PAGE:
The flip-side to this is that for some people these therapies are simply too intense. Here it’s important to note that the “psychedelic trip” differs in both intensity and duration between different psychedelic substances. Thus a patient who may be unable to tolerate an ibogaine- or DMT-based therapy may find a treatment using (for example) MDMA to be tolerable.
Patient screening is also imperative for potential patients of psychedelic medicine. Among the reasons why careful screening is necessary is that some people have genetic factors that make them ill-suited to particular psychedelic drug therapies. Again, if there are several therapies from which patients can choose, there is greater likelihood of meeting the needs of the majority of patients.
Lastly, in societies that are already heavily medicated (often with more than one prescription), drug interactions are also a critical factor in patient screening. Different psychedelics will be contraindicated with different (other) pharmaceuticals.
The bottom line is that it will likely be necessary (and profitable) to develop several different psychedelic drug therapies for each treatment market.
Immediately, this multiplies the number of opportunities in the sector – and the number of public companies that the industry will support. However, this may not even be the largest multiplier of commercial opportunities in the psychedelic drug sector.
Multiple treatment categories for each disease/disorder
As alluded to previously, “depression” is not just a single treatment market. In fact, it is many treatment markets.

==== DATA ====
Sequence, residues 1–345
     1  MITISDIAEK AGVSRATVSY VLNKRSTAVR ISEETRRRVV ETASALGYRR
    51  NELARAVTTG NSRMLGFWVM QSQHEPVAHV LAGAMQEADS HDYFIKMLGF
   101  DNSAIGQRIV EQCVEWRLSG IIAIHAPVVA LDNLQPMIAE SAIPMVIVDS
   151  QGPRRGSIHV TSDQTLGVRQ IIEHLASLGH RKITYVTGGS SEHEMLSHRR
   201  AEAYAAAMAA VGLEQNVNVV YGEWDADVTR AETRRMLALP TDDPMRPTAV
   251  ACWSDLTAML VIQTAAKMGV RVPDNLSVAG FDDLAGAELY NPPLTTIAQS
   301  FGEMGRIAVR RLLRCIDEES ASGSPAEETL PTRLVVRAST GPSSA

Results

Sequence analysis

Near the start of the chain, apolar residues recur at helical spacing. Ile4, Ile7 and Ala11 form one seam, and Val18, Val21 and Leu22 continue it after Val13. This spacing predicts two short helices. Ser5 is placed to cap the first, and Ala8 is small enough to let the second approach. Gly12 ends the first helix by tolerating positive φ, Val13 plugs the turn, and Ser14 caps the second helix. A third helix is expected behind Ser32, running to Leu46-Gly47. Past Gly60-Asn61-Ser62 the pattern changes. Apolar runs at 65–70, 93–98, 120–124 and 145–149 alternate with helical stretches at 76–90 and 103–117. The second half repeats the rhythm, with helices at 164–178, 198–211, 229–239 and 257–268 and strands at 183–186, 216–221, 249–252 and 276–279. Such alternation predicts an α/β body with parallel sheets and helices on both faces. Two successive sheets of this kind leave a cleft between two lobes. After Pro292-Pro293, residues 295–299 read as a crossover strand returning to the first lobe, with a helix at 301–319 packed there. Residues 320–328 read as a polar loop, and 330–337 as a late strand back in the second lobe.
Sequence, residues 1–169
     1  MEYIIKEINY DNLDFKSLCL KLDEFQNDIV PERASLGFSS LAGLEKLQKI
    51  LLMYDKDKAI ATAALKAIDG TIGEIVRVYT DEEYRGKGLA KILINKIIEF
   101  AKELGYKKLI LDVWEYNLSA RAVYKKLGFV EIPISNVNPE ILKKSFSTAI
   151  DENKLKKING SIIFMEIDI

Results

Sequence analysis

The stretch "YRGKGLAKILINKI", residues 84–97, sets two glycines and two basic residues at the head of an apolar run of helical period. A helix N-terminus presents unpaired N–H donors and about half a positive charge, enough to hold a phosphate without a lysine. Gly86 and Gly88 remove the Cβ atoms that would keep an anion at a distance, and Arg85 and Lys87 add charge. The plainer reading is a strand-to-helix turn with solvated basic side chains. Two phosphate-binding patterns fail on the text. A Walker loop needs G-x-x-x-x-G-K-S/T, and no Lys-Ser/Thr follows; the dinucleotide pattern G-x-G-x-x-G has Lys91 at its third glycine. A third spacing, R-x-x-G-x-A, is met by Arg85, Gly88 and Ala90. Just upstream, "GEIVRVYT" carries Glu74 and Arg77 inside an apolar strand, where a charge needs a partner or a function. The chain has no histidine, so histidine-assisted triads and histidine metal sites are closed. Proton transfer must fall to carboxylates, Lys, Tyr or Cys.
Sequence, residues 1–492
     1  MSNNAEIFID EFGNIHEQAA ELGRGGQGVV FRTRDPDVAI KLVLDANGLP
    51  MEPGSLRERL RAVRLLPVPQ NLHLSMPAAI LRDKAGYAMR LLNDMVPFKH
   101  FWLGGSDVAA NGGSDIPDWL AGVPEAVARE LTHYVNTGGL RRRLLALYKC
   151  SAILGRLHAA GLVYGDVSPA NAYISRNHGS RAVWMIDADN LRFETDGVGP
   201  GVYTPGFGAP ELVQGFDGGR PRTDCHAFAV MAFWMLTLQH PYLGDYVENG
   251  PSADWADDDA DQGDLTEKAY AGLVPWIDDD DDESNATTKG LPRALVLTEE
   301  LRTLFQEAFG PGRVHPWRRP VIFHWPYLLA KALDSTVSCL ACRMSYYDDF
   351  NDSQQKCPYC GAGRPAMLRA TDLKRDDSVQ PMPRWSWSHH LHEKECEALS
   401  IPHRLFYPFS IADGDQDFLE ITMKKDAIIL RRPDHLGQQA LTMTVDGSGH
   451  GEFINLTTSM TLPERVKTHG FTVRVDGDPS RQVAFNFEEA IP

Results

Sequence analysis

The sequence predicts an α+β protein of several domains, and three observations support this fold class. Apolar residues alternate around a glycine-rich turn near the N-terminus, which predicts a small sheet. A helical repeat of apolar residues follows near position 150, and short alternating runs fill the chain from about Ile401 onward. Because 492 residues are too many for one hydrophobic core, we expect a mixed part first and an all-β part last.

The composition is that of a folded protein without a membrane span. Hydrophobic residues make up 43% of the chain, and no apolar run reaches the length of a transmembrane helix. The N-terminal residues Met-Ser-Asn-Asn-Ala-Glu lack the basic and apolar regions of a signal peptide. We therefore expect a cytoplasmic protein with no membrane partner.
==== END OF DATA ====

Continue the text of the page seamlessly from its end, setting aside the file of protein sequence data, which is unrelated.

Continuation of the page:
Major Depressive Disorder and Treatment-Resistant Depression represent treatment markets that include 100s of millions of patients globally. But there are several other important (and potentially lucrative) depression treatment markets.
For terminal cancer patients, the end-of-life distress that accompanies this diagnosis is a separate treatment end-point (requiring additional drug development): cancer-related depression. This is a critical term (and concept) about which all investors in psychedelic stocks need to know.
In order to get a drug candidate into a formal clinical trial, the drug must address a recognized treatment end-point (by the FDA or other governing body).
Depression, itself, is not a recognized treatment end-point. Thus there are commercial opportunities of differing magnitudes available with each and every depression-related treatment end-point that is recognized by the health authority of that jurisdiction.
In the case of substance abuse, each and every form of substance abuse becomes a separate treatment market for the psychedelic drug industry. Each addiction has different properties. Each is a recognized treatment end-point.
Now multiply each of these substance abuse markets with (perhaps) two or three different psychedelic-based therapies needed for each. Opportunity squared.